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See also: Foremost



From Old English formest, fyrmest (earliest, first, most prominent), from Proto-Germanic *frumistaz, from the locative stem *fur-, *fr- + the superlative suffix *-umistaz, stem ultimately from Proto-Indo-European *pr-. The suffix *-umistaz was a compound suffix, created from the rarer comparative suffix *-umô (as in Old English fruma) + the regular superlative suffix *-istaz (English -est); *-umô in turn is from Proto-Indo-European *-mHo-.

Cognate with Old Frisian formest, Gothic 𐍆𐍂𐌿𐌼𐌹𐍃𐍄𐍃 (frumists). See for, first and Old English fruma for more. Partially cognate to primus, from Proto-Indo-European root *pr- + Latin superlative suffix -imus, from Proto-Indo-European *-mHo-.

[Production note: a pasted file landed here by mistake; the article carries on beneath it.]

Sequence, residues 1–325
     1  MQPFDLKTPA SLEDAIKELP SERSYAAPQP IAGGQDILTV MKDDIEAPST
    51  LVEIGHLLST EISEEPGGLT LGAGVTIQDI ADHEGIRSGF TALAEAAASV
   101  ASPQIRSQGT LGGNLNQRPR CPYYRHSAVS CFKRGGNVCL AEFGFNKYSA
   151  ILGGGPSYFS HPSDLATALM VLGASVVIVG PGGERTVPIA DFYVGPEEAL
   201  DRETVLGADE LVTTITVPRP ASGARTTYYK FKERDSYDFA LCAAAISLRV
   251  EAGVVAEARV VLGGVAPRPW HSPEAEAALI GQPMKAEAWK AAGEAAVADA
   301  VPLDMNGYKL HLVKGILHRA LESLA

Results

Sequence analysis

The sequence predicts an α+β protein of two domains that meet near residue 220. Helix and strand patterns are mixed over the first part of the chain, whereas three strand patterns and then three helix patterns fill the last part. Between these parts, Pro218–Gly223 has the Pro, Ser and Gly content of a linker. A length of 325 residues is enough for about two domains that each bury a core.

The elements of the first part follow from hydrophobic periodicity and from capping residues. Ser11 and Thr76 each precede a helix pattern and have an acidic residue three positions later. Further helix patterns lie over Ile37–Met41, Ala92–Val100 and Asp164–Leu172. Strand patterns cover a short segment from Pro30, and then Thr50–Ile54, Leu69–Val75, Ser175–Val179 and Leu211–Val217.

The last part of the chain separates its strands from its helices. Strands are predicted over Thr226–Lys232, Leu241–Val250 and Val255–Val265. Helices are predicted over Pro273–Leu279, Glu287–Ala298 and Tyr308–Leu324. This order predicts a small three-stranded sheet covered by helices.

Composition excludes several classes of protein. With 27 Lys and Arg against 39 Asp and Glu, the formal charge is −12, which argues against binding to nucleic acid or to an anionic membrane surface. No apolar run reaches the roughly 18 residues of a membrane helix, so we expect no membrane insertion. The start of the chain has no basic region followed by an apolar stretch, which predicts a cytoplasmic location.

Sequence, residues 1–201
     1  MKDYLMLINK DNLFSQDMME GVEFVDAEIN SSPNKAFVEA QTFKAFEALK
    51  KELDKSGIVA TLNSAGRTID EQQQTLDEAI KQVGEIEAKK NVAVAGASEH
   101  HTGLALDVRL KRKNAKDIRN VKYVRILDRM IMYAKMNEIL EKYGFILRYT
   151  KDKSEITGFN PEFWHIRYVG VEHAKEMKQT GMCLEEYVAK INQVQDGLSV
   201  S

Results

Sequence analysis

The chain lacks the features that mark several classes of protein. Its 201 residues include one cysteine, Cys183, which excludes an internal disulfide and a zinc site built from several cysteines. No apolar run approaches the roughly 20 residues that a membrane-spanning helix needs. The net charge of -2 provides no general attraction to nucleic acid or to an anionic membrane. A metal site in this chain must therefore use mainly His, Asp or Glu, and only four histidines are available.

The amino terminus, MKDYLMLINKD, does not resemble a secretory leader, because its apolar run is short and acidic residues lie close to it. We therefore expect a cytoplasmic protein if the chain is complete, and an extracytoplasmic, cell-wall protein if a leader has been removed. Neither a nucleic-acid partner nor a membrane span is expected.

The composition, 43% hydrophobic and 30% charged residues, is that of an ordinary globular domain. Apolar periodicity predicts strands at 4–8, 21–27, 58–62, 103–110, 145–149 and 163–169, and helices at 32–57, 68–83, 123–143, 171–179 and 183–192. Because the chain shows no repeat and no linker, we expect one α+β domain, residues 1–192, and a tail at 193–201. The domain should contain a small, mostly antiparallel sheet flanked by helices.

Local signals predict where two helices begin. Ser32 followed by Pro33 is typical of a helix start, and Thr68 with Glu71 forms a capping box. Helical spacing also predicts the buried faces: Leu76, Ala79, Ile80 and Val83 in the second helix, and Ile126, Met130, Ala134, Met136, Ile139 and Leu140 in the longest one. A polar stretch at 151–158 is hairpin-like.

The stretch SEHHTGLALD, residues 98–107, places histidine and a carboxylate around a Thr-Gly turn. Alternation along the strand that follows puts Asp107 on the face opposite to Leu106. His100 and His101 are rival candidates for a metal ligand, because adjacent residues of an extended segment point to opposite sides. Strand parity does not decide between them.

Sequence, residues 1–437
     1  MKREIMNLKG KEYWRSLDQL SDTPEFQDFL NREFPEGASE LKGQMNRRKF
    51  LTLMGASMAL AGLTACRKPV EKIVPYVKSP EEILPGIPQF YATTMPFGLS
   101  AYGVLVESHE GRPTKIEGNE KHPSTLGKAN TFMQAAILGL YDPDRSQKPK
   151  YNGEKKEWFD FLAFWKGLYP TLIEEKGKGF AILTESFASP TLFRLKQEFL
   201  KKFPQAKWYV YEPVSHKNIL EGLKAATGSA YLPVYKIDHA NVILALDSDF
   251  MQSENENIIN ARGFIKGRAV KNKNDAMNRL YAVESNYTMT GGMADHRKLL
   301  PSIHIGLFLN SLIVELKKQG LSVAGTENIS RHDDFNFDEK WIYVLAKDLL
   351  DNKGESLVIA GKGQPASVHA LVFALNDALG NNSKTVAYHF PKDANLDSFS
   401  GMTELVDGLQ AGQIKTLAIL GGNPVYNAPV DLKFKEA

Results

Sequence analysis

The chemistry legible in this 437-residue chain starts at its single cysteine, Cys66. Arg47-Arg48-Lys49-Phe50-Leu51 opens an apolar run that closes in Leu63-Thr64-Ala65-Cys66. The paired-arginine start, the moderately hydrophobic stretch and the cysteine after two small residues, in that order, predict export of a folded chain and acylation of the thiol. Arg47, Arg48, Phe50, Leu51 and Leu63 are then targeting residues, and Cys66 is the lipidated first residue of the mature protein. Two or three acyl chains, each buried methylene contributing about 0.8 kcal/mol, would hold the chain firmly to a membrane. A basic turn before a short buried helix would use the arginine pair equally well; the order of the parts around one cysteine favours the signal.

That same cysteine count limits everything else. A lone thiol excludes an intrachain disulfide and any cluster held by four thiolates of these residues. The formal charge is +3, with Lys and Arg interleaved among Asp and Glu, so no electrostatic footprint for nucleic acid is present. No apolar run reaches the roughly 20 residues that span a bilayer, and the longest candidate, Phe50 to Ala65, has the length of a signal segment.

A comparative former was back-formed analogically, leaving the m from *-umô in place. Later the Old English suffix complex -(u)m-est was conflated with the word most through folk etymology, so that the word is now interpreted as fore +‎ -most.



foremost (not comparable)

  1. first, either in time or in space
  2. of a higher rank or position; paramount
  3. (nautical) closest to the bow



foremost (not comparable)

  1. in front
  2. prominently forward